That alone is enough of a time-saver for many people to opt for using the desktop version of Outlook, even though it isn’t free (Outlook Express, the free desktop version, is no longer available).
Management of your inbox is also much easier, since you can sort emails by date, by sender or recipients, or flag messages for follow-up and quickly assign a due date for them.
Of course, the most powerful part of the desktop version of Outlook is the ability to customize it yourself, using the VBA developer that comes with Office.
You can enable this menu item in File > Options > Customize Ribbon and select Developer from the list of items from the list on the right.
Which Version Is Right for You?
How do you decide whether to use Outlook online or Outlook desktop? The answer is, it depends what’s most important to you.
- Is it important for you to have access to your email client from any computer and from any location? Do you prefer having better integration with online services and apps? If that describes you, then you’ll want to go with the online version of Outlook.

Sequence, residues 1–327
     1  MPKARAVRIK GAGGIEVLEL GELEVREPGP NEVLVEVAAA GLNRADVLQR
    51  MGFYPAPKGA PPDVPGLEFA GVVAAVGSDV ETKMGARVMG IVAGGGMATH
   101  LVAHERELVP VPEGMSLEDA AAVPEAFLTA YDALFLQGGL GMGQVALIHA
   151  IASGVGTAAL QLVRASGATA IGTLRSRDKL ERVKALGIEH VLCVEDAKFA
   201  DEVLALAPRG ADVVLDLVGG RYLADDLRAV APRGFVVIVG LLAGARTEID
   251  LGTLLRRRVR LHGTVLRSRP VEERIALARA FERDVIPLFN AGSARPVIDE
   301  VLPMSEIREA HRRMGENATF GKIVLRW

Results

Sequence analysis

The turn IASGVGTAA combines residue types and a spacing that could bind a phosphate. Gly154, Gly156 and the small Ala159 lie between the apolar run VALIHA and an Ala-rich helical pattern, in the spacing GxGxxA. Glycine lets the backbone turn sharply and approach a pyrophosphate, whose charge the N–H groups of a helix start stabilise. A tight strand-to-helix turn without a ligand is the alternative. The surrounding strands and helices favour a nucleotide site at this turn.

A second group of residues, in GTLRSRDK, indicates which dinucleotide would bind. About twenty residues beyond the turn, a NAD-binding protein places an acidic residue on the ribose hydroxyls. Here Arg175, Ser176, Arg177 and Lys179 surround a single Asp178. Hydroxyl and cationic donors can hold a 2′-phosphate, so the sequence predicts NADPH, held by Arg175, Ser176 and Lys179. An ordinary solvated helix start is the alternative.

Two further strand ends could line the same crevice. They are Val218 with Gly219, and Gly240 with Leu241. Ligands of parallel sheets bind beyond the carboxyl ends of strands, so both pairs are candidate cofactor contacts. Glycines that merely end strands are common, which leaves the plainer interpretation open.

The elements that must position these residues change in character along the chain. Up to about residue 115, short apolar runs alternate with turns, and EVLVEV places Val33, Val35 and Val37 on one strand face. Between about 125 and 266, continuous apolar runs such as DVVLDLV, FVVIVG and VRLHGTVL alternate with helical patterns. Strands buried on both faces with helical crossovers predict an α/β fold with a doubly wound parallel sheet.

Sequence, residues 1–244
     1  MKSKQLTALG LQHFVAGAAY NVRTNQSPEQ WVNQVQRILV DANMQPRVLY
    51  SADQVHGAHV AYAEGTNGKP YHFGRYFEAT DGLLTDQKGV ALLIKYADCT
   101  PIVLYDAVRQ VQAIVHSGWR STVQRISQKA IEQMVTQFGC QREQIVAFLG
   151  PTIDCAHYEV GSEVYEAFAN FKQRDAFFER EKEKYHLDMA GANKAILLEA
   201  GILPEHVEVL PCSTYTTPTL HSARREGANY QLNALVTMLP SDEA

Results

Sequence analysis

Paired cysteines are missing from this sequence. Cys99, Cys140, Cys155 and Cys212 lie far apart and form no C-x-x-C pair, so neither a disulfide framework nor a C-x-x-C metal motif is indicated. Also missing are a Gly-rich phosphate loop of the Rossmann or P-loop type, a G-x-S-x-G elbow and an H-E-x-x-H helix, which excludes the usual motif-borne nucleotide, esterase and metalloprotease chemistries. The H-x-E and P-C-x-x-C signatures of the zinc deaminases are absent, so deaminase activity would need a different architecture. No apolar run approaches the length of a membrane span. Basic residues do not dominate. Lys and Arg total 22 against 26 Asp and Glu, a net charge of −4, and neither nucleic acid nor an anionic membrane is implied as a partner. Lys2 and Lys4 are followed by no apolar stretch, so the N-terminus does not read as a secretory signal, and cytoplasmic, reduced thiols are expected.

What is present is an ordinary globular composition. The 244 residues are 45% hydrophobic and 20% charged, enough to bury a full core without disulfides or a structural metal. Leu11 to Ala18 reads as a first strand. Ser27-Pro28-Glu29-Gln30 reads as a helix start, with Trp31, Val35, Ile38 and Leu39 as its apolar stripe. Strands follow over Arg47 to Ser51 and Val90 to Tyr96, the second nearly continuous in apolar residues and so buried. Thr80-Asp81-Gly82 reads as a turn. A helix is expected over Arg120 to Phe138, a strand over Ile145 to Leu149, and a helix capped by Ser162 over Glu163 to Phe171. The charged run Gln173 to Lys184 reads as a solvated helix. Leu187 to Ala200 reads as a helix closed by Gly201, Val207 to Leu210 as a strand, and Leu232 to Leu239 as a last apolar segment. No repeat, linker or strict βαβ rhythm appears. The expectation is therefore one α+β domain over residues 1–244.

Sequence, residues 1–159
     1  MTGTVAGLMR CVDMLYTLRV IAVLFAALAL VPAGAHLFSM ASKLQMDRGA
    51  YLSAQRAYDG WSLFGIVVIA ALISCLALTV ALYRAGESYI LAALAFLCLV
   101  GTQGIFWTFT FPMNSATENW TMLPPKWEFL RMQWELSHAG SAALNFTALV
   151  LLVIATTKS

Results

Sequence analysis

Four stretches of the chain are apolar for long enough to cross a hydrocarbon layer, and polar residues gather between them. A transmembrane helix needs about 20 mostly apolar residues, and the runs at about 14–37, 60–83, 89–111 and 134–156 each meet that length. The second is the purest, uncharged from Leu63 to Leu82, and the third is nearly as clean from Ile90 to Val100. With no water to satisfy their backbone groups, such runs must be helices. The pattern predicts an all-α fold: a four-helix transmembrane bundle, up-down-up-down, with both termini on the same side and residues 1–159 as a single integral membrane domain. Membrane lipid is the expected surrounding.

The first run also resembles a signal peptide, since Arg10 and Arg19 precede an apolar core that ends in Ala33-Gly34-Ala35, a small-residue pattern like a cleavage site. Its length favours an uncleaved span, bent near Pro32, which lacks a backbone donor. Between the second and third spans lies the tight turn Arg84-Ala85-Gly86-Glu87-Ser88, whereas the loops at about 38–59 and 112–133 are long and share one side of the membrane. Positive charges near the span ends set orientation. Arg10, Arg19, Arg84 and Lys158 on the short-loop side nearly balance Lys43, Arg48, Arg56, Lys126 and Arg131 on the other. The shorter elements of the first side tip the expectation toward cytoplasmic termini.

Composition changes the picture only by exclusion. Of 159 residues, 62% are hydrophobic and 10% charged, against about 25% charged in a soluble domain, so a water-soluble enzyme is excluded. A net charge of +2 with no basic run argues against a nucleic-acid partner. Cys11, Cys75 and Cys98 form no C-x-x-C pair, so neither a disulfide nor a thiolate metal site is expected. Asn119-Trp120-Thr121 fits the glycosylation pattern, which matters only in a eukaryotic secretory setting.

- Are you more interested in tightly integrated scheduling, task management, and organization of emails? Are you looking for a more robust set of rules you can use to automate the management of incoming emails? If this is you, then you’ll want to invest in the desktop version of Outlook.
No matter which version you choose, going with Outlook gives you the peace of mind of knowing that you’re using a Microsoft product that is full-featured and constantly updated.
Are you considering switching over to using Outlook as your email client? Have you decided whether to use it online or on your desktop? Share your own opinions in the comments section below!